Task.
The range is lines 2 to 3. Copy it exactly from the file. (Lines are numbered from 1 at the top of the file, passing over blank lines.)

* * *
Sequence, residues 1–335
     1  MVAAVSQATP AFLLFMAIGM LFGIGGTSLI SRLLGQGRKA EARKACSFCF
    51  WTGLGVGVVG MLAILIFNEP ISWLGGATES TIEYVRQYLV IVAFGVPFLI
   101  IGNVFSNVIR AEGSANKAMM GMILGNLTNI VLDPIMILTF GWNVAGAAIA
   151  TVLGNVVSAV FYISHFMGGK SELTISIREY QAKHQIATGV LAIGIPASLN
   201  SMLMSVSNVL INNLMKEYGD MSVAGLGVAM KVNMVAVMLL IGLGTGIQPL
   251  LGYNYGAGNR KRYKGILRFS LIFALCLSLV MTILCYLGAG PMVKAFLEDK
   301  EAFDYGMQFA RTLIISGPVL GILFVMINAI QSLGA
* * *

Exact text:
     1  MVAAVSQATP AFLLFMAIGM LFGIGGTSLI SRLLGQGRKA EARKACSFCF
    51  WTGLGVGVVG MLAILIFNEP ISWLGGATES TIEYVRQYLV IVAFGVPFLI